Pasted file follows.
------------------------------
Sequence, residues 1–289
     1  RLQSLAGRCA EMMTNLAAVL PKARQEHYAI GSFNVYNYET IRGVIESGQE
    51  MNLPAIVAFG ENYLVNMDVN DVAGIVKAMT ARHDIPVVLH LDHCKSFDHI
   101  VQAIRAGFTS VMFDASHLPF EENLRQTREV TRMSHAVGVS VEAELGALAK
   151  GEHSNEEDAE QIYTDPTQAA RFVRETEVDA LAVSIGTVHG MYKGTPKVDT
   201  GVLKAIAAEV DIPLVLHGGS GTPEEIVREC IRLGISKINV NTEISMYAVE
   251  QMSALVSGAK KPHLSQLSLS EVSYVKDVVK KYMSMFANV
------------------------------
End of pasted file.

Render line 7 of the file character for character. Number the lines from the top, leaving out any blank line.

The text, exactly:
   251  QMSALVSGAK KPHLSQLSLS EVSYVKDVVK KYMSMFANV